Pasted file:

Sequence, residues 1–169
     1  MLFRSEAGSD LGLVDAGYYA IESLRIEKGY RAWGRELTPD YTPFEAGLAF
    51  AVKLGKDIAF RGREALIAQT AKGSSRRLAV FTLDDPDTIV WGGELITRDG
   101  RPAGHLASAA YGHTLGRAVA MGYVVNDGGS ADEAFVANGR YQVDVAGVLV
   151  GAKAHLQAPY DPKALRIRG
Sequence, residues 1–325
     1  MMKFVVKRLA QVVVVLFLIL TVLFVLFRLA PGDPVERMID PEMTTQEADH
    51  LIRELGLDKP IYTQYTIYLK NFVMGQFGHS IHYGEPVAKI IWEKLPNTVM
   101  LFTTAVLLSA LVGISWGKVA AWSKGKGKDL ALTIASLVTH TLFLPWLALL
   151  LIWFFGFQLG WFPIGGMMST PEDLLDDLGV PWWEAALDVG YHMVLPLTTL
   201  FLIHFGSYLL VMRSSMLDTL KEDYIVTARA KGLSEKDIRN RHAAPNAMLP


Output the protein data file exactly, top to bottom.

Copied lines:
Sequence, residues 1–169
     1  MLFRSEAGSD LGLVDAGYYA IESLRIEKGY RAWGRELTPD YTPFEAGLAF
    51  AVKLGKDIAF RGREALIAQT AKGSSRRLAV FTLDDPDTIV WGGELITRDG
   101  RPAGHLASAA YGHTLGRAVA MGYVVNDGGS ADEAFVANGR YQVDVAGVLV
   151  GAKAHLQAPY DPKALRIRG
Sequence, residues 1–325
     1  MMKFVVKRLA QVVVVLFLIL TVLFVLFRLA PGDPVERMID PEMTTQEADH
    51  LIRELGLDKP IYTQYTIYLK NFVMGQFGHS IHYGEPVAKI IWEKLPNTVM
   101  LFTTAVLLSA LVGISWGKVA AWSKGKGKDL ALTIASLVTH TLFLPWLALL
   151  LIWFFGFQLG WFPIGGMMST PEDLLDDLGV PWWEAALDVG YHMVLPLTTL
   201  FLIHFGSYLL VMRSSMLDTL KEDYIVTARA KGLSEKDIRN RHAAPNAMLP